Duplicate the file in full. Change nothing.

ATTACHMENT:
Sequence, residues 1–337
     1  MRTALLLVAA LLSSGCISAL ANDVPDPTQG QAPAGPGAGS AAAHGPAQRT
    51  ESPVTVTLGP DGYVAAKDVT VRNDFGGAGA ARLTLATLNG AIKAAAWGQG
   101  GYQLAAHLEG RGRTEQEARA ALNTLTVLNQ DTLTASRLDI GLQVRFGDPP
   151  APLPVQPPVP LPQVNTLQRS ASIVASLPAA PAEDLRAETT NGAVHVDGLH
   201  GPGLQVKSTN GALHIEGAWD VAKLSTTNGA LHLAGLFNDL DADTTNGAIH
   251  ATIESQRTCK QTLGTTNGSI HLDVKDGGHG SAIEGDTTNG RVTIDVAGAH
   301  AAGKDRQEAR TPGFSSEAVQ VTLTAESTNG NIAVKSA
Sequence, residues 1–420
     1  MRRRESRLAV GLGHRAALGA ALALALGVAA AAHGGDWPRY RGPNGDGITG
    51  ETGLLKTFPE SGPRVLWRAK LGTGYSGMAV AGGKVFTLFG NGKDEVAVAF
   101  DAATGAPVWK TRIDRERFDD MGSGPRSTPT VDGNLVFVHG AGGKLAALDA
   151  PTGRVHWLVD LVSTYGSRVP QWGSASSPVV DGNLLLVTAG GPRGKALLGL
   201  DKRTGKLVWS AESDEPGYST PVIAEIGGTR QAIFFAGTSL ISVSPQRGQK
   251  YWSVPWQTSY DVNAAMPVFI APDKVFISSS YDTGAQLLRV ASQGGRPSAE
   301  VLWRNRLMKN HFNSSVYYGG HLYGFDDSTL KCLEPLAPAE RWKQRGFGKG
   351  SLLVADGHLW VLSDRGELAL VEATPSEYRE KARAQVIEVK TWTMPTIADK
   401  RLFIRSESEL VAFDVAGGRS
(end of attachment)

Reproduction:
Sequence, residues 1–337
     1  MRTALLLVAA LLSSGCISAL ANDVPDPTQG QAPAGPGAGS AAAHGPAQRT
    51  ESPVTVTLGP DGYVAAKDVT VRNDFGGAGA ARLTLATLNG AIKAAAWGQG
   101  GYQLAAHLEG RGRTEQEARA ALNTLTVLNQ DTLTASRLDI GLQVRFGDPP
   151  APLPVQPPVP LPQVNTLQRS ASIVASLPAA PAEDLRAETT NGAVHVDGLH
   201  GPGLQVKSTN GALHIEGAWD VAKLSTTNGA LHLAGLFNDL DADTTNGAIH
   251  ATIESQRTCK QTLGTTNGSI HLDVKDGGHG SAIEGDTTNG RVTIDVAGAH
   301  AAGKDRQEAR TPGFSSEAVQ VTLTAESTNG NIAVKSA
Sequence, residues 1–420
     1  MRRRESRLAV GLGHRAALGA ALALALGVAA AAHGGDWPRY RGPNGDGITG
    51  ETGLLKTFPE SGPRVLWRAK LGTGYSGMAV AGGKVFTLFG NGKDEVAVAF
   101  DAATGAPVWK TRIDRERFDD MGSGPRSTPT VDGNLVFVHG AGGKLAALDA
   151  PTGRVHWLVD LVSTYGSRVP QWGSASSPVV DGNLLLVTAG GPRGKALLGL
   201  DKRTGKLVWS AESDEPGYST PVIAEIGGTR QAIFFAGTSL ISVSPQRGQK
   251  YWSVPWQTSY DVNAAMPVFI APDKVFISSS YDTGAQLLRV ASQGGRPSAE
   301  VLWRNRLMKN HFNSSVYYGG HLYGFDDSTL KCLEPLAPAE RWKQRGFGKG
   351  SLLVADGHLW VLSDRGELAL VEATPSEYRE KARAQVIEVK TWTMPTIADK
   401  RLFIRSESEL VAFDVAGGRS